But if you’re one of those disciples, you might also think back to the words of Jesus. You would take a moment, gather yourself, let your heart start beating a slower. Take a little bit deeper breath. And hear again what our Lord Jesus said: “in those days, after that suffering, the sun will be darkened, and the moon will not give its light, and the stars will be falling from heaven, and the powers in the heavens will be shaken.”

Some people think these words from Jesus are about the end of the world. These words are often used by charlatans to calculate the “end times.” A cosmic, cataclysmic end of the world – sun darkened, stars falling, powers shaken. I do not think that Jesus is talking about the end of the world. Jesus is not talking about the cataclysmic end of the space-time universe. No, Jesus is using cosmic imagery to describe the trauma, the stress, the anxiety that the Christians will soon experience in this world. This is not about the end of the world in a cosmic sense, this is about the end of the world as the disciples knew it. We say, “I’m so hungry I could eat a horse.” Well, you couldn’t, and I hope you wouldn’t. It’s colorful, expansive language to describe the reality of the stress you are going through. Jesus talks about the powers being shaken and the sun going dark because it will seem to those first Christians that no power is stable, that the light of their homeland has gone out, that everything is falling apart. Jesus wants his disciples to be ready for the trauma, and then for the post-traumatic stress that is surely to follow.

In other words, what Jesus is giving to his disciples here is pre-traumatic stress training. Jesus is saying to them that the whole world is going to come apart within a generation. In the next forty years, everything will be torn down. Your loved ones will die. Your rulers will be crazy. They are going to destroy you and take everything you have. He wants them to know that the whole world is going to be ripped apart. In the midst of all that, Jesus tells them, keep awake. Stay alert. Stay close to Jesus. Jesus is preparing his disciples, getting them ready.

Getting us ready. To prepare us for the days of suffering ahead. The sun went dark when you got that phone call with that diagnosis. The moon stopped giving its light after you couldn’t pay that bill. The stars were falling from heaven when, no matter how hard you work, there is always more work to do and there is never enough time to do it. The powers in the heavens were shaken when the rulers of this world took you for everything you had.

What Jesus said to those first disciples, he says to us. Keep awake. Keep awake. Do not allow the stress and the trauma and the anxiety of this life rule your life. Take the lesson of that first generation of Christians to heart. Rulers will come go. Generations will rise and fall. It will even seem that heaven and earth will pass away. But the words of Jesus will not fail. What will sustain us is the love that we have for each other, the love that God has for us. That love will not pass away. Trauma and anxiety and stress are sure to come. The sun will be darkened, the stars will fall from heaven, the powers will be shaken – but your faith, your faith in the Lord Jesus will not be shaken. You will take a deep breath, your heart will stop pounding, and you will remember that Jesus is with you. Like soldiers suffering PTSD, a condition that will never go away, our trauma, and stress, and anxiety will never go away. But we can cope with it by staying awake, by keeping alert, by staying close to Jesus.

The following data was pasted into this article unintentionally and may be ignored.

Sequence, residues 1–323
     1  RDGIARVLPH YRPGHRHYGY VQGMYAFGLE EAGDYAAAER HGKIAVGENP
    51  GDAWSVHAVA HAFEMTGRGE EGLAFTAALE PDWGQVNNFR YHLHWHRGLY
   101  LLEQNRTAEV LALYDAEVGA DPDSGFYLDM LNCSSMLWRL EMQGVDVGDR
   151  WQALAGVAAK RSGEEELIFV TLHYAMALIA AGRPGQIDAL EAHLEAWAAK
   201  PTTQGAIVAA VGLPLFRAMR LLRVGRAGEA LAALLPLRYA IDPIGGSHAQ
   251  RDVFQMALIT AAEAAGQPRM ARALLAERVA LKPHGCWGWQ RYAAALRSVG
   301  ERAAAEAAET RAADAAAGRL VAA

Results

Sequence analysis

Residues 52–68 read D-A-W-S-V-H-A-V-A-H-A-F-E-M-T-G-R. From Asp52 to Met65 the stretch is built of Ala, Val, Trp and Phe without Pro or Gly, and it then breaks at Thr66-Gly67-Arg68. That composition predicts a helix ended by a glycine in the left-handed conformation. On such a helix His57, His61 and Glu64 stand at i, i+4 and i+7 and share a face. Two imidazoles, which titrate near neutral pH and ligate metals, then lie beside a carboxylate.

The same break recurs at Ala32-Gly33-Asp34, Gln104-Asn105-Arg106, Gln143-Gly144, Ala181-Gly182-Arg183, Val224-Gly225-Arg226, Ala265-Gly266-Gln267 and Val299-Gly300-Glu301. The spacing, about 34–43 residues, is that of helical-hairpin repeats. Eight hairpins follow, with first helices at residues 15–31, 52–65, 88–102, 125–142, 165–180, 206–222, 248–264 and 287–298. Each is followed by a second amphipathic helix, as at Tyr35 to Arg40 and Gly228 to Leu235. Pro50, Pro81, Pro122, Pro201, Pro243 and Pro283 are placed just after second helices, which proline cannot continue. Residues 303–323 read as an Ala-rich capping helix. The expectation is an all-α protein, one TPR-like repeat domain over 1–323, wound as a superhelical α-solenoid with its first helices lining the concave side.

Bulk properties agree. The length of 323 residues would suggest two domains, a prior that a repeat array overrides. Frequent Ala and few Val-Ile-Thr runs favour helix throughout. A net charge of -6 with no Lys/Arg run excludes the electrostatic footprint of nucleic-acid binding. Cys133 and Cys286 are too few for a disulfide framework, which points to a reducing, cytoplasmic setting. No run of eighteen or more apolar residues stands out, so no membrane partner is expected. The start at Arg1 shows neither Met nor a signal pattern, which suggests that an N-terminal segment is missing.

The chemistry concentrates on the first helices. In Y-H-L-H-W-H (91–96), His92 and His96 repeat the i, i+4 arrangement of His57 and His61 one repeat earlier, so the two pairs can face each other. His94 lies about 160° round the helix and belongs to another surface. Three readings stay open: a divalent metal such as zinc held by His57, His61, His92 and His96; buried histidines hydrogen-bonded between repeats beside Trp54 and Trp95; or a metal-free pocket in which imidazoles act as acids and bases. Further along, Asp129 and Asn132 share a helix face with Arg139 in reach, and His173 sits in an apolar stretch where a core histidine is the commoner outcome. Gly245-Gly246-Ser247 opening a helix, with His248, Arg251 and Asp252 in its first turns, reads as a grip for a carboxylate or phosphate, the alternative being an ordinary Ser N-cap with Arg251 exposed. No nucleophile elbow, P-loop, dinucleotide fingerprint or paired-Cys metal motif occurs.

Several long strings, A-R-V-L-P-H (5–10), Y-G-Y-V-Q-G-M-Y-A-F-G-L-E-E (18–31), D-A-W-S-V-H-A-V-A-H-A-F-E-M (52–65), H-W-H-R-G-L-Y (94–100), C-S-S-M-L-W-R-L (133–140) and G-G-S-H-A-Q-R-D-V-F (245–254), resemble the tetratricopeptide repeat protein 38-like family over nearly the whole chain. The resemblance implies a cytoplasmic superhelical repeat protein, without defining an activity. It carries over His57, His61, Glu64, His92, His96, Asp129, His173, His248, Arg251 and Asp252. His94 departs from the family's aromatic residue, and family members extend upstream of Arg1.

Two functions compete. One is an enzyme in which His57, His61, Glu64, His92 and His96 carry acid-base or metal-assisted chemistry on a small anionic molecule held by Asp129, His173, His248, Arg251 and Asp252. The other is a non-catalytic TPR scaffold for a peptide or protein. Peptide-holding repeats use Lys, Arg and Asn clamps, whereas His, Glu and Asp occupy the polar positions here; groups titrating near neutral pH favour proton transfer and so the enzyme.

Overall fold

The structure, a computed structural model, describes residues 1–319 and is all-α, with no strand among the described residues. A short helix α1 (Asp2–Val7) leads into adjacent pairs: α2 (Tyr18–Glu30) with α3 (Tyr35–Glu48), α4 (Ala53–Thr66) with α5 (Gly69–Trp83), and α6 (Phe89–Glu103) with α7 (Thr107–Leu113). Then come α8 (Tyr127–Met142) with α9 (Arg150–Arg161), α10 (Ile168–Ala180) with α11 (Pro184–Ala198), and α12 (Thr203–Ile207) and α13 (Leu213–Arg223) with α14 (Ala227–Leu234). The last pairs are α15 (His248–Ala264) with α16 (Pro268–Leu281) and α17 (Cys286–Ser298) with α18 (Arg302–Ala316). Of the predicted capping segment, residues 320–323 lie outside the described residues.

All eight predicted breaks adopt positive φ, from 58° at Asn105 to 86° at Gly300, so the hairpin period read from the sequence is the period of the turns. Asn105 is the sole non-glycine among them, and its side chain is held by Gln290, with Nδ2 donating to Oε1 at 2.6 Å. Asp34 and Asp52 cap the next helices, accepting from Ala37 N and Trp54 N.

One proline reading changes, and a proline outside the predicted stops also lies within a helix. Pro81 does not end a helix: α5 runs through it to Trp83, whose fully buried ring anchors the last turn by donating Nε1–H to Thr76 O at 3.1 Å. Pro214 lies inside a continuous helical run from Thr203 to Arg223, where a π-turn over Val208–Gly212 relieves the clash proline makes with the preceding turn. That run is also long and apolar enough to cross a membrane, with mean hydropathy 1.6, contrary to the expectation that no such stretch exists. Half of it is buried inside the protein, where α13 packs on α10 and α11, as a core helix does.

And this bring us to Advent. In Advent, we hear again the urgent call of Jesus – stay awake. As the days grow shorter and the nights grow longer, the temptation to sleep sets in. As it seems that nothing is changing, that rulers are only out for themselves, when it seems that the world is coming undone, that God is far off – Jesus calls us to stay awake. And no matter how stressful, how anxious, how traumatic the world is to us, our purpose remains the same – to keep alert, and stay faithful to Jesus.


The Rev. Jimmy Abbott
All Saints’ Sunday
November 5, 2017
Revelation 7:9-17

Alright, this morning we are going to start with a neurological physiological experiment. Turn to the person next to you and yawn. That’s right, a big, gaping, open mouth yawn. I’m yawning, you’re yawning, we’re all yawning. We all look like a bunch of fools.

So this is called the mirroring reflex. When we see somebody else yawn, we also yawn. I mean, I’ve even yawned after seeing my dog yawn. How weird is that? Or, this is why when you watch a funny movie at home you don’t laugh nearly as much as when you watch a funny movie in the theater. It’s the mirroring reflex. We do what the other humans around us are doing.

When you hear a parent lament that their kid got into the wrong crowd of friends, this is what they mean. It’s why gangs are so powerful. It’s the mirroring reflex. If we surround ourselves with bad behavior, chances are we will start behaving badly. Think of the power of this idea. It’s why support groups are so powerful; if you surround yourself with people going through a similar struggle, they will all pull you through. in order to help pull you through. You do what the other people around you are doing.